Christ raising Lazarus, from 3rd Century CatacombIn my recent reading of writing by and about early Christians I started thinking (again) of connections to the modern state of affairs within Christianity. This time it’s over the sheer number of variations on Christianity. This is, of course, the case today; we have the Catholic Church, the Presbyterian Church, the SBC, ABC, UMC, and on and on and on. What strikes me, though, is that we define ourselves as Christian, but we also define ourselves in the terms of the type of institutional Christianity to which we belong. “I’m a Methodist!” We also define others in similar terms, as if it’s obvious that we are Christians anyway, so that doesn’t need to be said when identifying another: “You’re Methodist? I had always thought you were Catholic!” (I get this a LOT, by the way.) What is interesting to me is the identification we have with the denominational institution of “the church.”

Backing up 1800-1900 years or so, however, there was every bit as much diversity then as there is now, and possibly more. But the really interesting thing is that there was no real institutional “church” by which to define Christians. Christian identity was far less tied to institutions and their requirements for memberships, like belief, creeds, and so on (these did in fact come, of course, but not in the 2nd and 3rd centuries) than it is now. I’m tempted to say they were lucky that way.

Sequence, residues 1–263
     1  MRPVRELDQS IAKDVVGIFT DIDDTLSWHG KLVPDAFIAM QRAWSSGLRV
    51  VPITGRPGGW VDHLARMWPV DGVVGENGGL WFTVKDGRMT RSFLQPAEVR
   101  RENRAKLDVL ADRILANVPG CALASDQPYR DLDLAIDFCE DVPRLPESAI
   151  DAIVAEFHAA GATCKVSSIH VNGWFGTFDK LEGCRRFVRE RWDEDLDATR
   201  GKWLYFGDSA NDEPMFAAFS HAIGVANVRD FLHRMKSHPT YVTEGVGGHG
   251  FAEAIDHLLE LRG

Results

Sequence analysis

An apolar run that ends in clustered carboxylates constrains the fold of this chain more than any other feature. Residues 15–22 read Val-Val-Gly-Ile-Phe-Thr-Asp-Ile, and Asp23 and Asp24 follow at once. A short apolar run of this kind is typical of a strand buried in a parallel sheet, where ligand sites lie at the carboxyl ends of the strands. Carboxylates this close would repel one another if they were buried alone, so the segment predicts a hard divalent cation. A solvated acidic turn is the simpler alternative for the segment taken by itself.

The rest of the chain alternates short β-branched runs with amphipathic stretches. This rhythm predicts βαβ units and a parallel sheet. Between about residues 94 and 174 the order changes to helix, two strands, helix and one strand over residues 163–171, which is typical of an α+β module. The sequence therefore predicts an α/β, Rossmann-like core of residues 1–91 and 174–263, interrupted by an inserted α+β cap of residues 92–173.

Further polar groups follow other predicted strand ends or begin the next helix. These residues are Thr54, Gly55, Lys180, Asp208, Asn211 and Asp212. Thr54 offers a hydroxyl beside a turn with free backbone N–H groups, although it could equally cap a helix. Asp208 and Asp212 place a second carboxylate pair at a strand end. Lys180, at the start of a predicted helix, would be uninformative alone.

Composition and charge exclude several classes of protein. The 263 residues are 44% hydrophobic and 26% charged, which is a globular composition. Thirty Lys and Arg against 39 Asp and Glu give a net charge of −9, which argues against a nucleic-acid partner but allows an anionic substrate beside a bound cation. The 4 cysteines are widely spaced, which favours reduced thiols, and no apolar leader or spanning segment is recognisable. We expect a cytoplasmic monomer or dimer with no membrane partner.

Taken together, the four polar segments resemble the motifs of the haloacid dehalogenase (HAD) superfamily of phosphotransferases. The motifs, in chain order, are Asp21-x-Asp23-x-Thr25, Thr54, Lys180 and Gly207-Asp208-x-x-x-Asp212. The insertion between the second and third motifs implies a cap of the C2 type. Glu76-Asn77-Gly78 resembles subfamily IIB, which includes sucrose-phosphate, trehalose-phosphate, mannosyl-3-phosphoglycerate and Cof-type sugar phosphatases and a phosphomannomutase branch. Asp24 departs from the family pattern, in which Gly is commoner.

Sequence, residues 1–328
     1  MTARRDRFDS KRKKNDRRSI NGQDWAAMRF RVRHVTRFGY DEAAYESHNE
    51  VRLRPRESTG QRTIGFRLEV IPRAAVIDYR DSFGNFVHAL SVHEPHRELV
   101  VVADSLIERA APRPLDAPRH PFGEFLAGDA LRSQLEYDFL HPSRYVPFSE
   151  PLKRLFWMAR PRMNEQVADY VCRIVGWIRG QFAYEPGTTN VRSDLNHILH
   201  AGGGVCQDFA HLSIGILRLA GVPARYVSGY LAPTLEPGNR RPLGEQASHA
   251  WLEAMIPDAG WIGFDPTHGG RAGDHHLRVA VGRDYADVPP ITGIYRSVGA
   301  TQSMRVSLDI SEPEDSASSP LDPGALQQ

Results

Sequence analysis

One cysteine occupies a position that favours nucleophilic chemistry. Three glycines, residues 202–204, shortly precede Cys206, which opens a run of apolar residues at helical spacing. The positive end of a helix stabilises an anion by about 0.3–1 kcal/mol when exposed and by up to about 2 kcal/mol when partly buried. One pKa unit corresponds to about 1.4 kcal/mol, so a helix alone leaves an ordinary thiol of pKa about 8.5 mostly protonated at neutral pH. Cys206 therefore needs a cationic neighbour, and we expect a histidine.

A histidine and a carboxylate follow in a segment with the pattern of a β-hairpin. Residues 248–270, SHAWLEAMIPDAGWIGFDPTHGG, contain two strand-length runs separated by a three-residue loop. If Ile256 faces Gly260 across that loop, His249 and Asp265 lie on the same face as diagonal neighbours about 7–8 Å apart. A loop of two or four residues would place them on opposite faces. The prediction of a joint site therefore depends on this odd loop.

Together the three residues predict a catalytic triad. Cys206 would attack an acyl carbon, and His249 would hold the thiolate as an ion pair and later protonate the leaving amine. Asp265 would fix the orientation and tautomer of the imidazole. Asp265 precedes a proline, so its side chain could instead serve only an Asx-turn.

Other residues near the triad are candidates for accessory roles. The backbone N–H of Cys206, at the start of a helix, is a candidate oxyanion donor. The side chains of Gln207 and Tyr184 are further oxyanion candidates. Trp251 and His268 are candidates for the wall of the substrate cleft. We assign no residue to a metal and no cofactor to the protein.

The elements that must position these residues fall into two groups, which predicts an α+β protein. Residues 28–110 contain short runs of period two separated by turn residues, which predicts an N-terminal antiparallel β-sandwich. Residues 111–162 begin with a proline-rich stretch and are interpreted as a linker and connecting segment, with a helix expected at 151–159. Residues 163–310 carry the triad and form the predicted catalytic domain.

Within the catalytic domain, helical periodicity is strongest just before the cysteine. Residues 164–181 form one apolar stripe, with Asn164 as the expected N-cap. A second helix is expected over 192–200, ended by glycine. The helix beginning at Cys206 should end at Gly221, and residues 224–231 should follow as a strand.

The modern and postmodern church can learn from this. Forget the institution for a minute, forget the dogma and doctrines, forget the “rules” for “being Christian” as established for the last 250 years. Focus instead on the gift of its diversity. Focus instead on the fact that every ekklesia was a local community nourished by its understanding of the gospel messages in their own situation in the Empire, without being concerned with whether or not their understanding fit in with the authoritative, universal party line. Focus instead on praxis, on practice, on people being far more concerned with living their lives in imitatio Christi within that community and less concerned with whether or not their lives conformed with political positions or Churchly standards of conduct.

Sigh. Recovering the memories of this is a task worth undertaking, but it sure is exciting.

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